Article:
by Morag Baptie
Whenever he got on the bus at the infirmary he was, you know, kind of loud, uninhibited. I kept my eyes to the front, my bag solidly placed on the seat beside me. He sat down next to a woman across the aisle, short grey hair, beige jacket. Below the seat I could see her feet in extra-wide fitting sandals.
“Bonnie day i’nt it? Good to see the sun, I like the sun.”
“Yes, it’s fine.”
“I’ll jist tak ma backpack off. It’s ok, I’ll pit it here, beside my feet. That’s better. Good view, it’s a good view you get from here. You can see an affa lot from a bus, big windies, when they’re clean. Canna see much if they’re dirty and the sun’s shinin’ on them. They must o’ washed this bus recently. The ither day I sa’, I couldna really believe it, I sa’ a mannie coming oot the hospital car park wi’ a cage in his hand. Ye’ll never guess fit wis in it. I’d nivver hae guessed masel’ like, if I hidna seen it wi’ ma ain een. It was a parrot. Fit wye would onybody hae a parrot if he’s gan to the hospital? Nivver seen the like!”
“That’s unusual, right enough.”
“Vicious beasts, parrots, ill-naitered, supposed to be. Oh, there’s the sign to Walker Dam. Used to play there fin I was a kid. Me an’ ma brithers an’ sisters. A hale day in the summer holidays, oot in the mornin’ wi’ a piece, an’ a bag o’ crisps if we wis lucky. I’ve got three brithers an’ twa sisters. An’ Sally, she’s deid noo, ma collie dog. She loved it an’ a’, loved to sweem, she wis a great sweemer. I jist paddled, I couldna sweem then, but I can noo. She wis a great dog, better than a parrot.”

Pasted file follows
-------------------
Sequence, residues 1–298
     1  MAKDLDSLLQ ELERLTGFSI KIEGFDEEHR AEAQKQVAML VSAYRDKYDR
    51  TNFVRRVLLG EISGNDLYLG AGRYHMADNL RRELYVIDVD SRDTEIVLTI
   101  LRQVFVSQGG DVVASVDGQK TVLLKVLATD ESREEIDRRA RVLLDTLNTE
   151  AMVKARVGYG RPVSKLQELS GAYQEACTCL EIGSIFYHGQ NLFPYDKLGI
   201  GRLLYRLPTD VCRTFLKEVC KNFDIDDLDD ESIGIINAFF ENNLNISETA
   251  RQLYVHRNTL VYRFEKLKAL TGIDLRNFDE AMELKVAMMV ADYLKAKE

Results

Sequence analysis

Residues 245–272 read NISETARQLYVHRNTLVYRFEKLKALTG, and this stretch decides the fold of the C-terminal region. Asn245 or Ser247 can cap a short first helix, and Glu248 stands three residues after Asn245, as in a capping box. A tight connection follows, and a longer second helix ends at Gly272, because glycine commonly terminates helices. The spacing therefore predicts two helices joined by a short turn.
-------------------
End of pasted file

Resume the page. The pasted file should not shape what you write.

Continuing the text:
“Are you going to Soutarburn, ma loon?”
“Aye, Soutarburn, Cooper Place, get aff at the dry cleaners. Een o’ ma sisters is in hospital iv noo. Cancer. It’s nae lookin’ good. But I says to her, Kathleen, I says, fit the doctors say isna ayewiys fit happens. Just you concentrate on gettin’ better, dinna give up .”
“Yes, that’s right. Is this your stop here?”
“Dinna give up hope. Aye, that’s the dry cleaners, Cooper Place. That’s me then.”
He stood up in the aisle, wrestling expansively with his backpack and the hood of his jacket.
“Well, it’s been great speaking to ye. Thanks very much. A lot o’ folk dinna want tae speak, but we’ve had a grand chat. I’ve really enjoyed it. Have a good day. See ya!”
“Aye, you take care son.”
The driver nodded as his passenger swung off the bus.
“Thanks Driver, cheers now, see you soon!”
Me, I just kept looking to the front, eyes blank, staring straight ahead.↑